01-24-2012, 12:55 PM
| || |
As Zof said, my main concern would be water quality. Nitrates will severly limit the growth of fish, it's natures way of controlling population-delayed maturity means fewer new fish will be born. This is the main reason why breeders usually raise fry seperately and do lots of water changes.
If they were growing well before, I would say diet is not the issue (unless you've recently changed your food supply). Another thing with that-juvenile fish have HUGE appetites, and at this point they should basically be growing in leaps and bounds and eating to match.
Your fry are probably ready to be released, once they've had a chance to develop good muscle tone, they usually have no trouble evading their parents. Since you only have three, I can understand you wanting to make sure they all live, but your adult livebearers will be producing fry every month or so and if you save them all, you will crash your tank.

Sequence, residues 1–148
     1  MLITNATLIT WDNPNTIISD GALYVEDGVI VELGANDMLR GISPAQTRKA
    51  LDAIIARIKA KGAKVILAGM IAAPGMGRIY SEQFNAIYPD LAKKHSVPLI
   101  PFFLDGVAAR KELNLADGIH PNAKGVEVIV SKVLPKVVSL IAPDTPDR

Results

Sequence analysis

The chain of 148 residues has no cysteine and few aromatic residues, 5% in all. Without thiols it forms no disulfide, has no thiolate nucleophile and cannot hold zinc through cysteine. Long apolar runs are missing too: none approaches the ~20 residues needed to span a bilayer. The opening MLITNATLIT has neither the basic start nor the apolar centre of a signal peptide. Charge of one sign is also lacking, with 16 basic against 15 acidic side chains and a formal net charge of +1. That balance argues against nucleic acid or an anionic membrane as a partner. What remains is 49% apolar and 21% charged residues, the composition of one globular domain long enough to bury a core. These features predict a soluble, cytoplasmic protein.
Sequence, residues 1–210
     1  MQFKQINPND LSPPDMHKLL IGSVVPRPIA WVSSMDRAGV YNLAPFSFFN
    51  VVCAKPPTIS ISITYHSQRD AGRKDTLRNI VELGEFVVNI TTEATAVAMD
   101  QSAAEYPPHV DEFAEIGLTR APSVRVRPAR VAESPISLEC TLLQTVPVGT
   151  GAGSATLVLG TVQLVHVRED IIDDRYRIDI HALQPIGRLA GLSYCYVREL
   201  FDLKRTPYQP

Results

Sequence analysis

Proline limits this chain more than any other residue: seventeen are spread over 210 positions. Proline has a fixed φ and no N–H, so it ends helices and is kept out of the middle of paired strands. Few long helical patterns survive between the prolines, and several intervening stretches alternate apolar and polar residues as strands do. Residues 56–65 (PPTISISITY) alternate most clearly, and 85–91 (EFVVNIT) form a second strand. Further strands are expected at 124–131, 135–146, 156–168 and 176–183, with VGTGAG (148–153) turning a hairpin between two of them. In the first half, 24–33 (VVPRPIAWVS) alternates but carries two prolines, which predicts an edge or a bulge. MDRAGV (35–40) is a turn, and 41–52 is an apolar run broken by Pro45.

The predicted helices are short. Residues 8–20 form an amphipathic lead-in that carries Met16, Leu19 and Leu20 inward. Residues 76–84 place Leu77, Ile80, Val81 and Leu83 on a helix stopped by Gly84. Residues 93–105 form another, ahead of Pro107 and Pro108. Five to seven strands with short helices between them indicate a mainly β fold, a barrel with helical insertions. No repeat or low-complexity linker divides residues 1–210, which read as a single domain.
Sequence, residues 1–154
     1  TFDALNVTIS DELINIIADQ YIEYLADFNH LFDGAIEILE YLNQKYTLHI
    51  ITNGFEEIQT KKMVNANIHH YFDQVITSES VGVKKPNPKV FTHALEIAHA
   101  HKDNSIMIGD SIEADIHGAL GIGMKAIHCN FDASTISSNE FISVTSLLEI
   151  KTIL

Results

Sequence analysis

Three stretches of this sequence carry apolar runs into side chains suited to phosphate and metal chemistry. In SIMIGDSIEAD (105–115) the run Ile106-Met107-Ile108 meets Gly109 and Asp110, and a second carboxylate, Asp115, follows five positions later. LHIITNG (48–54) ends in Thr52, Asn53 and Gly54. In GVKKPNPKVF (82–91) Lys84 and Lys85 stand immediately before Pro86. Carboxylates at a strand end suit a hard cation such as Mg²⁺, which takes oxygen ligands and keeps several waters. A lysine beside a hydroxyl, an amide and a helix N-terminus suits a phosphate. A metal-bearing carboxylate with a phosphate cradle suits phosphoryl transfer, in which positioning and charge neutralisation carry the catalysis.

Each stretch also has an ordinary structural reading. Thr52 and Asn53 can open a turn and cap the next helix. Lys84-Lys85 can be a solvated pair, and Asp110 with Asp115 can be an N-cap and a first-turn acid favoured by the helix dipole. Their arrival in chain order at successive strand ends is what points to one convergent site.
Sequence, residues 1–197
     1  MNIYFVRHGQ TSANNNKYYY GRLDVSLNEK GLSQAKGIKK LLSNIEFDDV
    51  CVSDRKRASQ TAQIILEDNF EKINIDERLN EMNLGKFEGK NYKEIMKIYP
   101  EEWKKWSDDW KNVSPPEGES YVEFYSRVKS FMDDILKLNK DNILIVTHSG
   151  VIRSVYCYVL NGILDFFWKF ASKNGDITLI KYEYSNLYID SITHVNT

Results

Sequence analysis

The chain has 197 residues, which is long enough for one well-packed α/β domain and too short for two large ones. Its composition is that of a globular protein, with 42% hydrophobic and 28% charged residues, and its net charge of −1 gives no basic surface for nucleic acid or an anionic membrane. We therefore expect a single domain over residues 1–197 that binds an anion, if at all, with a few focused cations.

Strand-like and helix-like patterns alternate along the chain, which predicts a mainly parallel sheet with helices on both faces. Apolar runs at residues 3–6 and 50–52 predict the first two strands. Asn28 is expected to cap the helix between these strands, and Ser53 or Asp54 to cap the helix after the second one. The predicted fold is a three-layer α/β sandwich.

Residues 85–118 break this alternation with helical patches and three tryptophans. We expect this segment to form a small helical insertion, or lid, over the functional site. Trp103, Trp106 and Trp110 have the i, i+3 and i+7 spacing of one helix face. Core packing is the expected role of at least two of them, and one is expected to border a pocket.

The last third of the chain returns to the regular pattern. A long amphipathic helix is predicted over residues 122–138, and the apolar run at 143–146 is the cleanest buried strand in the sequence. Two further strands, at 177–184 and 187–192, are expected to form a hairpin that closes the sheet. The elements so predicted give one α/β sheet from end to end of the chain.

Simply, I would do a water change and see if that doesn't help.
It's a myth (albeit a popular one) that fish will only grow to the size of their environment. If that were true, you would never see an eight inch pleco in a twelve inch aquarium. You wouldn't even see a six inch plec in a ten gallon as that is still too large for the space. But sadly for the common plecs, this happens all the time. Size is mostly determined by water quality and diet. Fish that fail to reach their normal adult size (such as common goldfish) are usually fish that have been subjected to horrible conditions and are thus stunted, rather than some inherent ability to self-limit natural size.
Last edited by ksacres; 01-24-2012 at 12:56 PM..
Reason: For some reason, I keep putting "e" on the end of random words...